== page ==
After a seven-hour demonstration, Hawaii DLNR (Department of Land and Natural Resources) agents just informed the hundreds of protesters on Mauna Kea that officers and TMT workers will turn around and no longer ask anyone to leave. No further arrests will be made today, they say.
Protesters began lining up early Wednesday morning to prevent construction of the Thirty Meter Telescope on the on the summit of Mauna Kea. A total of 11 people were arrested, and the TMT crews made it about 1.5 miles up the seven-mile road.
In all, more than 700 people gathered to stand in what they say is protection of a sacred Native Hawaiian space.
When it became clear that agents with the Department of Land and Natural Resources would no longer allow the protesters to assemble on the road, they took a new tactic to block the TMT construction workers. Someone began pulling rocks down from the side of the road, further restricting access.
There is only one road up the mountain and any interruption of traffic will affect the other observatories at the summit.
“We're going to scale back our operations a bit today,” said Rich Matsuda, director of operations and infrastructure for Keck Observatory. “It's what we normally do if the weather is bad at the summit.”
The larger observatories can operate with a handful of people each, or more than a dozen, depending on what work is being done that day. Most observatory employees work from nerve centers: Keck is headquartered in Waimea (Kamuela), for example, while the Gemini observatory has its operations center in Hilo.
Officials say work crews first intended on inspecting the telescope site and equipment, much of which has been there since protests began in March, before installing a fence around the designated construction zone.
The $1.4 billion dollar TMT project has been on hold for nearly three months when aloha aina advocates, who say they're protecting a culturally sacred site, blocked construction vehicles and workers from accessing the summit. 31 people were arrested and since then, non-violent protests have grown in size.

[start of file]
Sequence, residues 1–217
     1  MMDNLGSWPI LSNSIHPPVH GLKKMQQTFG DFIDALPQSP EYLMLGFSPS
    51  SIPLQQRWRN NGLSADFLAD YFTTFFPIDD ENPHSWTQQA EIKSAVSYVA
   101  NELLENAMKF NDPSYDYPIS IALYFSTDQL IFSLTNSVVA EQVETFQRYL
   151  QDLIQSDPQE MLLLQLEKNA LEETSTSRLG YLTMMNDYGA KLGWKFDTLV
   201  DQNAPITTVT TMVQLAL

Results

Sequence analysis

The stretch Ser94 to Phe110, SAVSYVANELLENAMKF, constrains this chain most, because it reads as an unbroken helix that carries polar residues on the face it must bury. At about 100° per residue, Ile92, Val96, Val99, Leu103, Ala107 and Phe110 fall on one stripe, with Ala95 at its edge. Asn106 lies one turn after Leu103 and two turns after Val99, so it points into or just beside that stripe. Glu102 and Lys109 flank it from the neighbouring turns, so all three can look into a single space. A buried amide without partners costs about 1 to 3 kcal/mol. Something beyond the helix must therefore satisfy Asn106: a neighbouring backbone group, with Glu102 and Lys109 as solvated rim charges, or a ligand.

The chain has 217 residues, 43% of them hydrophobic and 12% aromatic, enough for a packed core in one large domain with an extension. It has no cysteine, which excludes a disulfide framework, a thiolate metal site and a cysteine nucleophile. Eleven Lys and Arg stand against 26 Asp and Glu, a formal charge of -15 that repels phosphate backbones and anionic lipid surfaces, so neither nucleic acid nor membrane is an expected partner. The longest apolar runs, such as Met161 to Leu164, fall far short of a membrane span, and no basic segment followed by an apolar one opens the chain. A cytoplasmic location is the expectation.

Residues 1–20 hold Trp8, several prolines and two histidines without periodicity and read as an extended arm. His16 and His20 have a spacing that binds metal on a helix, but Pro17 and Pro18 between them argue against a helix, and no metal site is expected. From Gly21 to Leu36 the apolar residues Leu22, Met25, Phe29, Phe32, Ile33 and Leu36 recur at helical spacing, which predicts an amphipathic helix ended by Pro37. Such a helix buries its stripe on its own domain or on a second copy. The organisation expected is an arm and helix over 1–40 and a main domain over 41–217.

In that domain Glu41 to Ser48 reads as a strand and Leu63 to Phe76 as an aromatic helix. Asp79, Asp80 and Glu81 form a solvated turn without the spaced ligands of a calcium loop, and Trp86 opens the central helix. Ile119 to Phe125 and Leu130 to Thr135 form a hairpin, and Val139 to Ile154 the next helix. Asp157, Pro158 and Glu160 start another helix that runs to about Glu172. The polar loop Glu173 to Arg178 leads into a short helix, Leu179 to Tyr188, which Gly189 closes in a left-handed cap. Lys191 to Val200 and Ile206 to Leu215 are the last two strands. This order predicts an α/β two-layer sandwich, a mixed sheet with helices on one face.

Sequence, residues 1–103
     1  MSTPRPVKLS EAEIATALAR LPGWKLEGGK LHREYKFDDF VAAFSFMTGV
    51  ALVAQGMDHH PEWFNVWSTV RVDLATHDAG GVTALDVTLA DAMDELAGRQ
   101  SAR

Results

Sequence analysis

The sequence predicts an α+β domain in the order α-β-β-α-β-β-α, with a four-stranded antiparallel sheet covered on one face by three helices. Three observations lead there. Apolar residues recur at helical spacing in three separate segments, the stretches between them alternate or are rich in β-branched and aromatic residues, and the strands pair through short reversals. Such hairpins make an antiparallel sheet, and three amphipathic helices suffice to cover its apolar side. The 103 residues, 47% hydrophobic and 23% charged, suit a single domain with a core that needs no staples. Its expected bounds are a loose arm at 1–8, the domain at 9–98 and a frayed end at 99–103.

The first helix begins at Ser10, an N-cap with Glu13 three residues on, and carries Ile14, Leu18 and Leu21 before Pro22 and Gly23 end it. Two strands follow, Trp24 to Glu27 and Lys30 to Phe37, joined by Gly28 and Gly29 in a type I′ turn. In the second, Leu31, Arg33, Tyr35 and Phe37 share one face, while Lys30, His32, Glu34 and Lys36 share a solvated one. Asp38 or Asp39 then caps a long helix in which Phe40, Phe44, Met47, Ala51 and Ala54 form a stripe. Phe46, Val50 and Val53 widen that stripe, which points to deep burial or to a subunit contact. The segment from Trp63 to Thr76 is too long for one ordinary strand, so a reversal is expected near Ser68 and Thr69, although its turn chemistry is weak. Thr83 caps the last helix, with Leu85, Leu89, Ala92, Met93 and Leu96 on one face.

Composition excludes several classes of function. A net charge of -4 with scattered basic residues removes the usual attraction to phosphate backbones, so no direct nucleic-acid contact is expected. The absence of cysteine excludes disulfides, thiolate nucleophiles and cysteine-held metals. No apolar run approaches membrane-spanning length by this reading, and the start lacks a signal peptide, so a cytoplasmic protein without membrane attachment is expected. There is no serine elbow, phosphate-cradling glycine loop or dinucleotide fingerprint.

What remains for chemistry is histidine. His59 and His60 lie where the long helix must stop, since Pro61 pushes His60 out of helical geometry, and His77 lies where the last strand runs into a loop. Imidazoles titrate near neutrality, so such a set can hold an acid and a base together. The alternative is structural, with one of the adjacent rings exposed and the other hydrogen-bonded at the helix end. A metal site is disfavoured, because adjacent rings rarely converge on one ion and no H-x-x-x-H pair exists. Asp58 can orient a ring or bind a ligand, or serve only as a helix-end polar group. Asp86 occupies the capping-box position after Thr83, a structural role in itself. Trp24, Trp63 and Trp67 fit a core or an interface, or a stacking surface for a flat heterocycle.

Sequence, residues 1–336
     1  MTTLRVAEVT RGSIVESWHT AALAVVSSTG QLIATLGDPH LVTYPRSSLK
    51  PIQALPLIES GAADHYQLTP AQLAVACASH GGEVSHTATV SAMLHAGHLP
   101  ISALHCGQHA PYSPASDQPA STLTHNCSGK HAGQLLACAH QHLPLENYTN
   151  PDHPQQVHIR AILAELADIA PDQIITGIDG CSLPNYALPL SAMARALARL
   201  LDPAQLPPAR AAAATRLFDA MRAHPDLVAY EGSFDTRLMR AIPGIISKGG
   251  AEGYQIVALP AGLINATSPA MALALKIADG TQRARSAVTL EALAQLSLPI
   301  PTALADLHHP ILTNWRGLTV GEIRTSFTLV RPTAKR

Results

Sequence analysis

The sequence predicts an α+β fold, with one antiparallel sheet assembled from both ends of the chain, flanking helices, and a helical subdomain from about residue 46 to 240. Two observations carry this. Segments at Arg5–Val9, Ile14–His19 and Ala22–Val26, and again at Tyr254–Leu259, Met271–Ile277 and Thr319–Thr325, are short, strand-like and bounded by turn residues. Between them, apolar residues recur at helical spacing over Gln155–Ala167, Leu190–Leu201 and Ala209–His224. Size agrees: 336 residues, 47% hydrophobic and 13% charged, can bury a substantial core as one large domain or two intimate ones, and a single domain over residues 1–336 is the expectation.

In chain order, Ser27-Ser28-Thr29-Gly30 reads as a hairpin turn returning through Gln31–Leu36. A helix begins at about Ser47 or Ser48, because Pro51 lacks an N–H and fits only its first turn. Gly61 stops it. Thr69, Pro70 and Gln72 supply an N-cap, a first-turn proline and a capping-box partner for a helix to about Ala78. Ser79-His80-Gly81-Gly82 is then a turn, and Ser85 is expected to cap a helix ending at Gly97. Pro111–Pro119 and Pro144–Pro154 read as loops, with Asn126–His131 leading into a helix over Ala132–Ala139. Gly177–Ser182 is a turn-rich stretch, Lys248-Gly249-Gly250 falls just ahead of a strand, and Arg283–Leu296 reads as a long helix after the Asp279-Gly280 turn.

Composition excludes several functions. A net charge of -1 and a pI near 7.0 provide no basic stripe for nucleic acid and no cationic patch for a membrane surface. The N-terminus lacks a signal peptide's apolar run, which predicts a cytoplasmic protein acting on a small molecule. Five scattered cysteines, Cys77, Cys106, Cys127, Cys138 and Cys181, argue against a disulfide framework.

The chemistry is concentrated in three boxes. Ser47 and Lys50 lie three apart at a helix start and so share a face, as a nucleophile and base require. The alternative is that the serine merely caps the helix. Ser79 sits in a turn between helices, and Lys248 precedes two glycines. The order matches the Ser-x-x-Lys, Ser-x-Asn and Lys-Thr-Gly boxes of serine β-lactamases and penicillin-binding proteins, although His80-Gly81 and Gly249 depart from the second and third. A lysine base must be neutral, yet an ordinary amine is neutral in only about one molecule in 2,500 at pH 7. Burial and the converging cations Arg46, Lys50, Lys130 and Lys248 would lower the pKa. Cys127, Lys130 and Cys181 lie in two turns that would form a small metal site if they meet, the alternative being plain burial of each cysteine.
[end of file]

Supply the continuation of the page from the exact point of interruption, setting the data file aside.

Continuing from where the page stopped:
“We look forward to a positive relationship with all Hawaiians, while we understand that the majority of Hawai‘i's people are supporting the TMT project," said Henry Yang, Chair of the TMT International Observatory Board. "We deeply respect and are mindful of those who have concerns, and yet, we hope they will permit us to proceed with this important task while reserving their right to peaceful protest."
In April, in response to the demonstrations, the Thirty Meter Telescope team informed Governor David Ige that construction would be postponed until telescope board members, state officials and Native Hawaiian activists had an opportunity to discuss the issue. Late last month, Governor Ige announced that he had given his official support to the project.
He released this statement on Wednesday:
It is our belief that there will be mutual respect and aloha on Wednesday and in the days ahead as TMT restarts construction of the Thirty Meter Telescope.
TMT has the approvals needed to proceed with construction. We respect those who oppose the project and their right to peaceably assemble and to protest in an orderly and civil manner.
The State of Hawai'i's primary concern is the health and safety of its people. The state and Hawai'i County are working together to uphold the law and ensure safety on roadways and on Mauna Kea, while allowing the people their right to peacefully and lawfully protest.